Tanya Batson-Savage, Freelance Writer
A dreaded word is spelt out in block capitals in 'The Black That I Am'. - Winston Sill/Freelance Photographer
THE QUESTION of colour continues to shade relations in Jamaica. Whether it is the question of bleaching, blackness or brownin', how dark, how light or even how white you are (or think you are) can still come into play.
Even as children, we are exposed to it when, either in self-defence or as a form of attack, we say "Black is beauty, red is corruption and white is trash." Yet, many of us never really try to define blackness, though we may think we understand it.
Of course, the idea of blackness goes further than skin deep, because it is not merely about colour. Sometimes it can be about your musical tastes, your sexuality, your sexual partners, what you eat, what you wear and even how you wear them. Those are the things that go into deciding whether or not one is a 'roast breadfruit'.
Some of these very questions are being played with and explored on the stage of the Philip Sherlock Centre for the Creative Arts, University of the West Indies (UWI), Mona. Blackness is strutting itself in the form of the experimental play The Black That I Am.
The Black That I Am is written by Karl Williams, directed by Brian Heap and performed by the University Players. While it could not be described as an intense meditation on blackness, it presents an interesting take on many of the aspects that modern Jamaicans have to deal with.
Based on a poem of the same name, The Black That I Am is largely an exploration of the playwright's definition of his blackness through music, movement and monologues.
Of course, many would quickly tell the playwright that the black that he is is brown. So, not surprisingly, the question of how black brown people are also figures in the production and is beautifully portrayed by Nadia Kahn in 'Brown'. Her monologue has her waiting on a flight on Air Jamaica, which will not come to rescue her from her state of not being neither kettle nor pot. She declares that she is brown most of the time, red occasionally and rarely "near white".
The monologue beautifully explores that Jamaican tendency to trace every non-African aspect of ancestry, poking fun at anyone who had ever declared themselves to be anything like a Irish-Indian-Scottish person, a full-time 'mongrel', as the monologue puts it. The monologue highlights that there is a degree to which Jamaicans celebrate being mixed, which tends to indicate an appreciation for having our blackness watered down, putting a sinister spin to being out of many one.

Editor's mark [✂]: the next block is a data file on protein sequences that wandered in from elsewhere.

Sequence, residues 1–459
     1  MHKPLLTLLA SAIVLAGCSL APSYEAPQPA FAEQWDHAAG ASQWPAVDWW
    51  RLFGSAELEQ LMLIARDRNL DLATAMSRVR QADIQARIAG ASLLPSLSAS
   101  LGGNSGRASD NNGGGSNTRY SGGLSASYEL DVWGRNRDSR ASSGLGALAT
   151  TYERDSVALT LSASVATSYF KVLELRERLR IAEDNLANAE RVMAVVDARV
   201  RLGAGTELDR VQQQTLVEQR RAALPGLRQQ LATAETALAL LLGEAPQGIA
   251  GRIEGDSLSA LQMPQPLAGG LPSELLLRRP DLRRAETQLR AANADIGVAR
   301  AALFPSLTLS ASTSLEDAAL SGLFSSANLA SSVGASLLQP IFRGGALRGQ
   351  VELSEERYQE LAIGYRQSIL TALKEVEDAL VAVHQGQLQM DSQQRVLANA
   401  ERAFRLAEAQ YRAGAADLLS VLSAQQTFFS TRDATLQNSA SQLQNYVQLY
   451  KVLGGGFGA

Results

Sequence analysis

The issue is then given a more hilarious, though darker, take in 'Church Lady', where a church woman blatantly reveals her anti-African prejudices. Through this piece, the production explores how perceptions of hair and dress reveal our being uncomfortable in our skin. Though it may have been an accidental choice that Nicosia Shakes, who plays the prejudicial church woman, is brown, makes it even more relevant.
Her declaration that she would charge to cream a woman's hair "per strand" echoes Joan Andrea Hutchinson's 'Rapunzel', where a young girl is upset by her doll's refusal to have nice flowing hair.
At the opposite end of the spectrum was 'Me and My White Boy'. Often, marrying outside of the black line is seen as a betrayal. Interestingly, it is a betrayal black men are more often accused of committing, with the white woman becoming the black woman's burden.
In this case, Monique Caesar has the task of explaining why she has chosen a white lover. She does so while donning herself in white (she is getting married).
After years of being "the one with the personality" she has found a love and has decided to go for it ,despite his colour. "I honestly prefer to be the pretty bitch than the ugly girl with personality" she complains.
That complaint is one which crosses colour barriers. In the children's classic Anne of Green Gables, Anne complains about the same thing, taking being dubbed 'bright' by a boy as an indictment on her looks.
Black male sexuality is also explored. One need to go no further than the nearest Vybez Kartel lyric to see how much the black Jamaican man remains trapped in stereotype of blackness.
In 'I Do Women', Canute Fagan does an interesting take on men in serial relationships. He goes on about his love for women and his desire to please them in much the same way we expect men to, whether they mean it or not. This sets him up as a very manly man, a sexually prolific one. However, at the end of the sketch it is revealed that he is a hairdresser, which under the laws of stereotyping is extremely unmanly.
One thing the play highlights is that what it means to be black is a very complex thing. Though we have long passed the days of black militancy, which is in some ways quite tragic, we have yet to fully define ourselves. Far too many of the clichés remain appropriate.
Indeed, with so many Jamaicans walking around in white face, emboldened by the cultural acceptance of the bleaching phenomenon, it is as good a time as any to define blackness.